There were 14 acres of this material—enough to cover 11 football fields. So it was great material, and there was plenty of it.
“But was there any need for it,” Bricker wondered.
He and O’Malley approached the Indianapolis Parks Department.
“Turns out that they had a laundry list of projects that could use the material,” Bricker said. Those projects ranged from covering an outdoor soccer stadium and the Taylor Velodrome to making umbrellas for tables at city swimming pools.
“We really liked this idea,” Bricker said. “This dome had really become a landmark, like this white puffy cloud hovering over the city for 24 years—an icon of the city, Now we would be spreading that material all over the city; in a sense, preserving that landmark, and one the public had already paid for.”
So Bricker wrote a “10-page beast of a proposal” and submitted it to the demolition company.
“And they bought it,” Bricker said with a smile, noting it wasn’t quite as easy as that sounds.
Saving the material required it to be taken down differently than the company had originally planned, but that change actually proved faster and cheaper for them.
Today, eight acres of the material is ready to be used for Indy Parks projects. Keep Indianapolis Beautiful received five acres for additional community improvements.
Bricker and O’Malley’s P.U.P. also received a little less than an acre. from which artist Cheryl Harnishfeger is making wallets, purses, and messenger bags. This "Dome Bag Project" is raising funds for P.U.P.'s other initiatives, which include improving Indy Parks, drawing attention to local artists and artisans, and raising awareness of urban sustainability issues.
“It’s been an amazing chance to see an idea through from beginning to end,” Bricker said. But P.U.P. is just getting started. A redesigned Web site, promotion of a car-sharing project and other “green initiatives are all on the drawing board for the group's future.
Ray Jovanovich ’84—America's Challenge and Wabash
Residing in Hong Kong for the past 15 years as director and chief investment officer in Asia for the eighth largest retail banking group in the world, Ray Jovanovich ’84 has had a front row seat to the extraordinary economic advance of China, India, and Southeast Asia.
But at his colloquium on Saturday, before discussing those economies and their impact on the future of the United States, Jovanovich spoke about where his career really began.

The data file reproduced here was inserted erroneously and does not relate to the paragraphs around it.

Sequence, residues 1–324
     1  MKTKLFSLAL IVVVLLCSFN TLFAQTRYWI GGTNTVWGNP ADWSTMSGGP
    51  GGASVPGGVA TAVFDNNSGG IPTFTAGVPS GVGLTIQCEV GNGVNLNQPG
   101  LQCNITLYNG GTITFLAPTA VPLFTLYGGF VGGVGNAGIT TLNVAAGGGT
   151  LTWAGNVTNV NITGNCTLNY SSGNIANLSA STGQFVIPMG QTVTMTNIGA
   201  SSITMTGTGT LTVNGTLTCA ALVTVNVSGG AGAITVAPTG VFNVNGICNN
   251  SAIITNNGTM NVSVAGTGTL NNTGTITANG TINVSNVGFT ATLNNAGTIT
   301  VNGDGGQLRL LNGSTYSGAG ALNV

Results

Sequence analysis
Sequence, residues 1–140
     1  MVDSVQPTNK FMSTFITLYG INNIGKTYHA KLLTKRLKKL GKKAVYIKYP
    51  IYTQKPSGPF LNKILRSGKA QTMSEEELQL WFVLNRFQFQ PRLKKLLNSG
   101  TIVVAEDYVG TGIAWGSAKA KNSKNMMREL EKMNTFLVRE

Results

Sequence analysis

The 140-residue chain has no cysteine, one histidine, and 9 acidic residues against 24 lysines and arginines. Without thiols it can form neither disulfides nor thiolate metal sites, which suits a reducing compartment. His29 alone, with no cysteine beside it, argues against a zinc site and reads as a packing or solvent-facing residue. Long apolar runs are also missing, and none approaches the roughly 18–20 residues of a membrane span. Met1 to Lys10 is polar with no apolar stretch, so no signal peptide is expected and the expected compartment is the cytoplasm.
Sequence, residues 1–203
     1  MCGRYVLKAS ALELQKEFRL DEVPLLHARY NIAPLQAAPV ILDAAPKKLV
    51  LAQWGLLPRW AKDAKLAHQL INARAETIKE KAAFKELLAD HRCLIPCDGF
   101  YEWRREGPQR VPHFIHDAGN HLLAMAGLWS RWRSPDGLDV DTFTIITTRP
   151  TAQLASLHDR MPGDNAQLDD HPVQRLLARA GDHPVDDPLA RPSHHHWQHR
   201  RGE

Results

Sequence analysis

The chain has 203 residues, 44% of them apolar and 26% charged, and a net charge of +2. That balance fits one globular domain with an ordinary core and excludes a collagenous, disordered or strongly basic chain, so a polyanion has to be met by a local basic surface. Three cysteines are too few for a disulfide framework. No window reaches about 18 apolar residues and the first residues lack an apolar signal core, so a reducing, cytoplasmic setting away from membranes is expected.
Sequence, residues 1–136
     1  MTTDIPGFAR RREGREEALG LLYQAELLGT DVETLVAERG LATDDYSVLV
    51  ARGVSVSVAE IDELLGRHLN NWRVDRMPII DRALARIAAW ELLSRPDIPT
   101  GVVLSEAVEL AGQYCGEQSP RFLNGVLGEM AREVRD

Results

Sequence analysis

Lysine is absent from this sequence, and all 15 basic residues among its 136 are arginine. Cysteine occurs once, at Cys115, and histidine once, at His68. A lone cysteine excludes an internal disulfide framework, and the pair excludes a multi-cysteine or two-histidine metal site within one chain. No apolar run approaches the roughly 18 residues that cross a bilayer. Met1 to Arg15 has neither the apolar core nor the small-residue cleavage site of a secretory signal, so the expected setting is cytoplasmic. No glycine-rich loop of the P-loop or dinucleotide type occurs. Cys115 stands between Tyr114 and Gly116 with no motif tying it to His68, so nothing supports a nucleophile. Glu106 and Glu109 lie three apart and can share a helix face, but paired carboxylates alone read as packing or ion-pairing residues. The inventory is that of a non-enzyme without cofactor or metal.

"Wabash was my Event Horizon," he said. "It all started here with my inaugural visit to campus."
Jovanovich read from a passage he'd written to honor his father, who died two years ago:
"My father was quick to recognize the significance of this place; a man who was basically illiterate when he was liberated by General Patton’s Third Army in the spring of 1945 after having spent 50 months in prison, captured early on during Hitler’s march across Europe.
"But his was a life rich in experience, and during our Parent’s Day farewell talk that warm August afternoon in 1984, he encouraged and admonished me to absorb as much as possible here. He proclaimed that Wabash would provide the foundation for my long road ahead."
That long road has taken him to Credit Agricole Asset Management’s Asia office, from which he travels throughout Southeast Asia looking for investment opportunities and studying economic trends. From those travels and analyses he sees both a bright economic future and plenty of challenges for China and India.
And he sees dark clouds on the horizon for the U.S. workers, not only from competition with these countries, but from what he deems the "greatest and gravest national security threat to the U.S.—the crumbling public education system across America.
"From Hong Kong I have the occasional opportunity to lecture in schools and universities in China and to meet students from India," Jovanovich said. "The tenacity, aptitude, and hunger of these students is impressive."
Jovanovich contrasted "well-prepared kids" of China and India, with "an astonishing sense of entitlement" he often sees in students in America.
"As if they have all of this coming to them," he added, pointing out the low test scores in math and science throughout the U.S. and the fact that our "chronic deficit of engineers in America necessitates importing talent."
"This is why Wabash and places like it are so important, especially when you look at the competition that’s coming.
"I grew up in Northwest Indiana; nobody knows better the impact of losing jobs and an entire industry," Jovanovich said. He added that "the achievement gap has to be reversed. We can’t accept it. The clock is running."
Denis Kelly ’84: "Holy Lands—Journeys of a Pilgrim Artist"
An alumnus gazing at three photographs by Denis Kelly ’84 from his exhibit "Holy Lands: Journeys of a Pilgrim Artist," seemed puzzled by the grouping—Machu Pichu, the lost city of the Incas; the twin towers of the World Trade Center; the Amazon river flowing through Peru.
"Denis sure has an interesting way of putting photographs together," the man said, still trying to figure out how these three were related, and how any of them could be considered "holy lands," as the exhibit’s title suggested.
The answer to his question is to be found in Kelly’s vision, informed now by travels to four continents as he "seeks out people of prayer and places of special "Holiness."
"Recently I was part of a Franciscan-led pilgrimage group in Israel/Palestine—the Holy Land," Kelly writes. "The notion of THE Holy Land is provocative. Can all of creation be considered a Holy Land?"
For Kelly, clearly, much of creation is holy ground, and in his pilgrimage over 25 years he’s endeavored to see not only the holy places of his own Christian faith, but to see holy places through the eyes of those of different faiths and beliefs.
You can see the exhibit online at www.deniskelly.com
In photo: Lisa and Rob Walker ’99 enjoy the "holy lands" of Denis Kelly's exhibit.
- Fast Start Stalls In Loss at Wittenberg
- U.S. News Rates Wabash a Top-Tier School
- Six Programs Prominently Ranked
- 2017 Princeton Review Lauds Wabash